You might be surrounded by a dozen perfectly competent project managers right now. But the beauty of competency is that the learning is never done, and these managers could become even better. In a post for the Association for Project Management, Matthew Channell describes 10 ways to maximize the return on investment of project manager training:
- Use training as a strategic tool.
- Have clear organizational goals in mind.
- Identify skill gaps accurately.
- Ask your project team to think about what it wants from the training.
- Create a clear and focused environment.
- Ensure that the training actually meets the organization’s needs.
- Evaluate job behavior before and after training.
- Hire the right training partner.
- Aim to foster personal and professional development.
- Ensure your project managers are consistently engaged.
Riding the ROI Train
If the only catalyst for the business providing training is that someone is not up to par and a boss moans, “Fine, give the idiot some training,” that is obviously bad. Training should occur not just to improve weaknesses but to make strengths stronger—particularly in areas that will benefit company strategy. In fact, employees should be told outright how the business will benefit from and appreciate their expanded skills.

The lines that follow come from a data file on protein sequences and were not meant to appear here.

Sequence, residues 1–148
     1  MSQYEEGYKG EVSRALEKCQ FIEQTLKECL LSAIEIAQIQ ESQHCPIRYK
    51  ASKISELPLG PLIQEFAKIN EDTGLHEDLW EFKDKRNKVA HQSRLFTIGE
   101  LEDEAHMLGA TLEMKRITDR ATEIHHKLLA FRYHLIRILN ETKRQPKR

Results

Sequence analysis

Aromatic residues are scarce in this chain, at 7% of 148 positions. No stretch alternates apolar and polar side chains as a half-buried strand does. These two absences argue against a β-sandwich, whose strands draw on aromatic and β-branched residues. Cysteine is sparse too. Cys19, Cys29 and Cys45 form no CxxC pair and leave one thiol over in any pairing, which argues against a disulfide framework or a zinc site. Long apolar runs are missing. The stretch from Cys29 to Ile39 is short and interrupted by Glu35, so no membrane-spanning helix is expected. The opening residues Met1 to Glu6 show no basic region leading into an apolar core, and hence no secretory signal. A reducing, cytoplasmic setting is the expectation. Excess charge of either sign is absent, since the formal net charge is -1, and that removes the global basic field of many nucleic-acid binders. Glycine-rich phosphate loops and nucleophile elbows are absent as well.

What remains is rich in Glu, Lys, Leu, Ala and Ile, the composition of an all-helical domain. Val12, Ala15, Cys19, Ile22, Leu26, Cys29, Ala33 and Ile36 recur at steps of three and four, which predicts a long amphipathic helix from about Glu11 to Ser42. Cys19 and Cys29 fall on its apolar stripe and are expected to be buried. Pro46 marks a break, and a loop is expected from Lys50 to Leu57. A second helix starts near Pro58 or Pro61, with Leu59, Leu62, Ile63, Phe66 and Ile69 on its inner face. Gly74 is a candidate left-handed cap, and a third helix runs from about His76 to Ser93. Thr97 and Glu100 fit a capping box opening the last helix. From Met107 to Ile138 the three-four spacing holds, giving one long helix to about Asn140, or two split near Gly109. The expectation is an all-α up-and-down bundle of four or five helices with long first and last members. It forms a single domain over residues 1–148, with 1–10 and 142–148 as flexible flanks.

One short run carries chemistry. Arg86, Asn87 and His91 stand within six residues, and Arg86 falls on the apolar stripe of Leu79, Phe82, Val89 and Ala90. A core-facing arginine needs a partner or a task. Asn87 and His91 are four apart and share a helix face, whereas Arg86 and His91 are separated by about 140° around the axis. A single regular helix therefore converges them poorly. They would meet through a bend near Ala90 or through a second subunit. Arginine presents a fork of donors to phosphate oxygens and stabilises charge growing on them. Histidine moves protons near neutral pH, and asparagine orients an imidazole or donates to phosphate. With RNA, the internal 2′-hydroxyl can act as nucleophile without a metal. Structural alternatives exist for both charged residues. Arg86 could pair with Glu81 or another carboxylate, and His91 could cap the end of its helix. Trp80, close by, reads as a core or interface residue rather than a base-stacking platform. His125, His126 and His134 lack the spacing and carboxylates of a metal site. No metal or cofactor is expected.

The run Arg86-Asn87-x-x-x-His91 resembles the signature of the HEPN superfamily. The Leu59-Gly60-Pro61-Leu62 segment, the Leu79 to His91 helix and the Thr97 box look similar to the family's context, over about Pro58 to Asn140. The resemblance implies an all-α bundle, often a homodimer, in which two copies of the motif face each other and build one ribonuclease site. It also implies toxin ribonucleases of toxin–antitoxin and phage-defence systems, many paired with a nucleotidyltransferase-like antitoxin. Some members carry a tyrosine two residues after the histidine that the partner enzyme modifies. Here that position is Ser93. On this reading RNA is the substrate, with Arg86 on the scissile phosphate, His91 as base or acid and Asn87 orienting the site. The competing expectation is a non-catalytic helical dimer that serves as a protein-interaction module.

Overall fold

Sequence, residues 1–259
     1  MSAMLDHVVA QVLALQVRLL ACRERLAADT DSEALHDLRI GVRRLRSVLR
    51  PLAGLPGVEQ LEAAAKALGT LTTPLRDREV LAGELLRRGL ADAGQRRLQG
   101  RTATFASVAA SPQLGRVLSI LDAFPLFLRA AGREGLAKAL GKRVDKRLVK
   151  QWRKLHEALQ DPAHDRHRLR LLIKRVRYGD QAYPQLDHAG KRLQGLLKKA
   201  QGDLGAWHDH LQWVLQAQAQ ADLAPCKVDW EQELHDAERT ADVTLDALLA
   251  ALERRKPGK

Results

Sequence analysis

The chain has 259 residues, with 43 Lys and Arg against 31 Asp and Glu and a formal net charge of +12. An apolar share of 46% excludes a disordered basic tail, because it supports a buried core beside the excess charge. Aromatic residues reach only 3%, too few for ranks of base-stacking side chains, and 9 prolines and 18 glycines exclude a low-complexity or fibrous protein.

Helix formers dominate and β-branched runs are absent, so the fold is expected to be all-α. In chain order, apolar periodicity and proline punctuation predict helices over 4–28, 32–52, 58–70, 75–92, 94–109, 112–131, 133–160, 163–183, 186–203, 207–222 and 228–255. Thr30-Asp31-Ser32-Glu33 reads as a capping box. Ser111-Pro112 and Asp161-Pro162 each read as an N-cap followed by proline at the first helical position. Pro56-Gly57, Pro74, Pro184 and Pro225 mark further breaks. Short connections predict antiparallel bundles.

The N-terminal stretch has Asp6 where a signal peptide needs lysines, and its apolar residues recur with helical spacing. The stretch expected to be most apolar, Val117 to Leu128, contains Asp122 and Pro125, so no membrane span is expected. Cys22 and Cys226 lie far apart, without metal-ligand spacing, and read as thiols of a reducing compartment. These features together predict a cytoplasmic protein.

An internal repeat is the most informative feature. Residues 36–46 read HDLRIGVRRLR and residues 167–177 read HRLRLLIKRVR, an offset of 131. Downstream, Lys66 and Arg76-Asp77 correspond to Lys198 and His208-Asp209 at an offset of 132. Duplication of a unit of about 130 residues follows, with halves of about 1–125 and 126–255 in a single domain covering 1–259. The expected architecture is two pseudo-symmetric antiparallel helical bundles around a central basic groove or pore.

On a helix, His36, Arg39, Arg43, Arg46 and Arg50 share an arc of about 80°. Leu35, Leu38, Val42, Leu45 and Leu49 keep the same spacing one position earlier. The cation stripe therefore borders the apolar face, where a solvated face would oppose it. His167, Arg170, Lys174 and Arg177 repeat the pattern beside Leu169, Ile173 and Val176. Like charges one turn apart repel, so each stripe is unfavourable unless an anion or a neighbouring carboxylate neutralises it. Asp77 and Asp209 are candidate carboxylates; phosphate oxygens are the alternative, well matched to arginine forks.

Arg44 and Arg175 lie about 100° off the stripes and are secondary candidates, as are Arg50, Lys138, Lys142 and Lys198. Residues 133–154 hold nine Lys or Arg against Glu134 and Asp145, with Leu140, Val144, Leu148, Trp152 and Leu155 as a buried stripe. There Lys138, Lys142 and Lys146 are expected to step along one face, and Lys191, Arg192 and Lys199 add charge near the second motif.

On the flip side, seek to learn what it is employees want to get out of the training as well, so that employee and business alike come out happy. Maybe have employees write down questions that they would like to be able to answer as a result of the training, and then see if they can indeed answer them post-training. Likewise, leading up to the training, work with employees to free up their schedules so that the training can be the primary focus over other priorities.
Do not just assume that training will do its job. Establish methods to evaluate job behaviors before and after the training. This will show if training is creating the intended boost in capabilities. One critical way to waste training is to train a person who is not engaged. Do not allow people to get bored with the training:
If something isn’t working, or your team is losing concentration, communicate this with your training provider. Positive, professional providers will be flexible with their programme, and if your team is not responding well to an aspect of the training, the provider is obliged to adapt its style or delivery. Programmes should be continually improved and adapted to create the best results. As with a project, you should approach a training programme by first establishing your objectives and defining exactly what you are looking to achieve.
Training has upfront costs, yes, but in the long run, it is basically a button you can keep pressing for improved business results. You can view the original post here: https://www.apm.org.uk/blog/maximise-your-return-training